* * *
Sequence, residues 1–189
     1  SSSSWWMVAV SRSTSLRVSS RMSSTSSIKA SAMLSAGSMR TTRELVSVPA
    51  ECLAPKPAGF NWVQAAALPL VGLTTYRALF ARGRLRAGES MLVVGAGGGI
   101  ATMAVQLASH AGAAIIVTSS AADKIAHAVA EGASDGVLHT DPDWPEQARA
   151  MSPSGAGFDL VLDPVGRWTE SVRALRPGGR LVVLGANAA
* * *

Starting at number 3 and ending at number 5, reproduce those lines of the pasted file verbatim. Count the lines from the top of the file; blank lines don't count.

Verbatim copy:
    51  ECLAPKPAGF NWVQAAALPL VGLTTYRALF ARGRLRAGES MLVVGAGGGI
   101  ATMAVQLASH AGAAIIVTSS AADKIAHAVA EGASDGVLHT DPDWPEQARA
   151  MSPSGAGFDL VLDPVGRWTE SVRALRPGGR LVVLGANAA